• SoleAdventure

      I appreciate it, Greg. I agree with your sentiments, but also see signs of hope for manhood going forward. There’s much we need to do, and it starts with you…and me…

  • Aznealz

    Boy, this is a real pew squirmer. Something I apparently needed to read and hear… and act on. Thanks.

    • SoleAdventure

      Didn’t mean to make you sweat, Neal. Well, okay, maybe a little.

  • Steve

    Great post Mark! I can’t agree more with your comment, “continual comfort isn’t satisfying, it’s numbing.” For me, it’s a hard run, a hunt, or simply taking a moment to soak up the beauty of existence to jolt the numbness and bring clarity to the now. It’s in the those moments, I truly feel alive and ready to do battle with Something Awful.

    • SoleAdventure

      Exactly, Steve! Well put.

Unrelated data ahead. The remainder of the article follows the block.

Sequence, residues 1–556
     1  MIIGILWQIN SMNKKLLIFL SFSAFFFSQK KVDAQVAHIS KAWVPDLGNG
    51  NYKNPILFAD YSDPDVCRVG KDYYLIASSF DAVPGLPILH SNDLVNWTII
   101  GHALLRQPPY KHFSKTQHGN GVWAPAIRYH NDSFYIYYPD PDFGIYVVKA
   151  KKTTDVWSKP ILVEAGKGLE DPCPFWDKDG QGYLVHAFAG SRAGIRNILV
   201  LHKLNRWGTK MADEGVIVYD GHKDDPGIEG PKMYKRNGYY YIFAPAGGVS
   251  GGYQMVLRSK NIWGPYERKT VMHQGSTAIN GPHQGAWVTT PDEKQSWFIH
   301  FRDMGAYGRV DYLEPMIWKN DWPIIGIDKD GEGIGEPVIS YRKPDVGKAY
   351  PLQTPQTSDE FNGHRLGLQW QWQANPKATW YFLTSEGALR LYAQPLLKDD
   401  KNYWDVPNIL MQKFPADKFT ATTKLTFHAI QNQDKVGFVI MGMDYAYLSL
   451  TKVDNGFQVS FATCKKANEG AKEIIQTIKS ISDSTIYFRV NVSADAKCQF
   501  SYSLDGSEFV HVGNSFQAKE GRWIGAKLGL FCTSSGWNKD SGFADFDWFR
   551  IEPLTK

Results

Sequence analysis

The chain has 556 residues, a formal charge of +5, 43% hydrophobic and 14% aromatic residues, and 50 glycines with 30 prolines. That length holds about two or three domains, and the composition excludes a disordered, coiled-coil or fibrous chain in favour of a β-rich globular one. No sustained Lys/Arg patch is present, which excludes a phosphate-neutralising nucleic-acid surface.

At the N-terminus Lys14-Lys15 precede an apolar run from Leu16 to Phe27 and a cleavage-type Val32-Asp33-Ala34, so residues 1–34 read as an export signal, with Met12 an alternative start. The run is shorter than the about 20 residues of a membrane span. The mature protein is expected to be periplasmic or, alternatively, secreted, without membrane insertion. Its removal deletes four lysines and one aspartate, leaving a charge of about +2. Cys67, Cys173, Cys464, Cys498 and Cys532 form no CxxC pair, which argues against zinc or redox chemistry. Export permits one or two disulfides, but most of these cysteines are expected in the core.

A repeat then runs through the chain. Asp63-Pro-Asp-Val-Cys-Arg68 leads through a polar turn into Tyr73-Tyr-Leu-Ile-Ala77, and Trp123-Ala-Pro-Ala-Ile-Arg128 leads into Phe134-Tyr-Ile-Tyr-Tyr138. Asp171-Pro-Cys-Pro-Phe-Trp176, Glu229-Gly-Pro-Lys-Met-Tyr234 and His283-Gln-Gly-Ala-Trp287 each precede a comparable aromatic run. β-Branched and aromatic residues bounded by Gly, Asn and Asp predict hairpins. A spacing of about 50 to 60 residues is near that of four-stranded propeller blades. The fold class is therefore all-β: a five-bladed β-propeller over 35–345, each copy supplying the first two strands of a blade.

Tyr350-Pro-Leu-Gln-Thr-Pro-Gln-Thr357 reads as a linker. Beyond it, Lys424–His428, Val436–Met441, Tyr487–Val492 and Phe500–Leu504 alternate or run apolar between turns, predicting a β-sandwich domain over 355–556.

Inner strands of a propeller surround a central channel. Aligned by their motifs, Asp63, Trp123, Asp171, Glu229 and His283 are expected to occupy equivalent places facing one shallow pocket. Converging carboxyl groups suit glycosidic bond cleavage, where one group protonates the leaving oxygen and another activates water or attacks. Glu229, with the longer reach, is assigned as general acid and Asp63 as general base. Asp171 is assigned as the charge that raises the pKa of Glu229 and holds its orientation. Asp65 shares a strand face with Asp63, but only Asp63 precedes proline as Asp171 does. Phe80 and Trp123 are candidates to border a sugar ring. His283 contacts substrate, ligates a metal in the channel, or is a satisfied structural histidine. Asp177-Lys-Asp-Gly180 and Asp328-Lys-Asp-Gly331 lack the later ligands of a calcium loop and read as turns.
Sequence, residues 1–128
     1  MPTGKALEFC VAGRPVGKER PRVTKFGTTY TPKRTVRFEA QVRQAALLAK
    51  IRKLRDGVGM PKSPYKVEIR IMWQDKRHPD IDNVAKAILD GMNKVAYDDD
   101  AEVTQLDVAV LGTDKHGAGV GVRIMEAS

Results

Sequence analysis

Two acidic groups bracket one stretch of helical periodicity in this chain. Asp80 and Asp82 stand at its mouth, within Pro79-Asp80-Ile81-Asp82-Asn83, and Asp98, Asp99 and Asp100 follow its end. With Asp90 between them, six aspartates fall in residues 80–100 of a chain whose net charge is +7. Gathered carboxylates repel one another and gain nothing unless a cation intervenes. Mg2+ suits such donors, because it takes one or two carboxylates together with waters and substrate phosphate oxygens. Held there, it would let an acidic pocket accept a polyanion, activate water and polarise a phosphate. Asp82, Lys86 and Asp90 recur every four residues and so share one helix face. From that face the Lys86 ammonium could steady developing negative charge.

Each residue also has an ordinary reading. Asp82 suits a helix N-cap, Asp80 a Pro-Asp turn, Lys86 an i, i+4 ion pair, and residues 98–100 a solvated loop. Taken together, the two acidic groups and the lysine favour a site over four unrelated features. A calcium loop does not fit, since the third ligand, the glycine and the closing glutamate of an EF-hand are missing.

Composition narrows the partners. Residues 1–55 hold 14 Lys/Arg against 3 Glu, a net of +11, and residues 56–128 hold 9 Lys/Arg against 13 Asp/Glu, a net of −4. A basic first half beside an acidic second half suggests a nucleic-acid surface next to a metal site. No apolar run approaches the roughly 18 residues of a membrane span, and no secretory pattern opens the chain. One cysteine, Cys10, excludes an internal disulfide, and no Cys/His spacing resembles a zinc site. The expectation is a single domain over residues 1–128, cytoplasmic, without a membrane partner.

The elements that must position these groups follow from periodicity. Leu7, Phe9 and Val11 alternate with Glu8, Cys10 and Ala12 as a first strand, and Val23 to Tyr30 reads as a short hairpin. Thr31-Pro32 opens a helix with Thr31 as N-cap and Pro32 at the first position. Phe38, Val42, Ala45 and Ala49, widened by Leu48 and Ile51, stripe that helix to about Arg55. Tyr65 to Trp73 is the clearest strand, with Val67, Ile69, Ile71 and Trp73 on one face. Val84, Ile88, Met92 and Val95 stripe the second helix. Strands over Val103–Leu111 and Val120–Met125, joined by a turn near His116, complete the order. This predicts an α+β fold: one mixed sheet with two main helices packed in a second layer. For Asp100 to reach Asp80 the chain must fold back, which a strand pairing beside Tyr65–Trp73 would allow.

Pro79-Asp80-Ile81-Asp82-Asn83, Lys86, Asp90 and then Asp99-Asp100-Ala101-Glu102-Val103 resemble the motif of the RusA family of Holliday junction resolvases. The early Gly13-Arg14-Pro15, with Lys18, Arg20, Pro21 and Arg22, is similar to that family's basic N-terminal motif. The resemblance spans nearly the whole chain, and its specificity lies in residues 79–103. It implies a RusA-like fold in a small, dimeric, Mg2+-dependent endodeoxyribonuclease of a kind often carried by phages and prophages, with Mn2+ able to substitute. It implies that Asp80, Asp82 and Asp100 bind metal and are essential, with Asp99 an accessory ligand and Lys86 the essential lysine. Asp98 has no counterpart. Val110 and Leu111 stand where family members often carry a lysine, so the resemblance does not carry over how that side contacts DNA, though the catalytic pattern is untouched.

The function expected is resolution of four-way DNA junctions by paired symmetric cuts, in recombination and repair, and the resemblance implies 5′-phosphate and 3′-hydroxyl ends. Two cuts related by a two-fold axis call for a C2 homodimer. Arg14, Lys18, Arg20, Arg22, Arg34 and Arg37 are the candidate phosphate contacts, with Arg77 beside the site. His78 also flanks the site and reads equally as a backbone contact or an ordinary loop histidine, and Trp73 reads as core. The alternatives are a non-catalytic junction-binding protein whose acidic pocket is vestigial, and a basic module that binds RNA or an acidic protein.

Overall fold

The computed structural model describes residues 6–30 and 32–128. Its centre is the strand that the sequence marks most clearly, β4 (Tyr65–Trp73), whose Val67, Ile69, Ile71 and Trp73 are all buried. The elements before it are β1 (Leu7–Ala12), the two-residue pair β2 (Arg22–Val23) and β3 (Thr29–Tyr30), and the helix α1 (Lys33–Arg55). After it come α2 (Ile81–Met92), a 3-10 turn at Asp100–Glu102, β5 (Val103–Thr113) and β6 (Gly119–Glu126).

• Hogarth

    I know the feeling! Age, heat and mosquitoes dogged my every step from 4500 to 7000 ft peak on my all day hike in full hunting regalia and pack. Got down and plunged into a lazy river. Next day, hitting the forest trails near my house. At age 57, it is a great feeling to commit to hunting and reinvent myself. Thanks for the inspiration.

    • SoleAdventure

      Nice work! I hope to be doing the same type of adventures when I reach 57. There some truth to what George Bernard Shaw said… “Youth is wasted on the young.”

  • ChasingtheHunt

    Really solid article. Thanks for producing such amazing content.

    • SoleAdventure

      Thanks, Nate!

  • Noel Bailey Stacey

    Good article. As a wife, I’m always happy to see things that build up men and husbands and fathers, rather than tearing them down like most tv shows do. Thanks for encouraging men to be men.

  • SoleAdventure

    I don’t mind at all…thank you for sharing!

    • mark

      I really think this is a wonderful article bc it speaks to so many aspects of the arduous journey we undertake pursuing a passion. Thanks for writing such an enjoyable piece.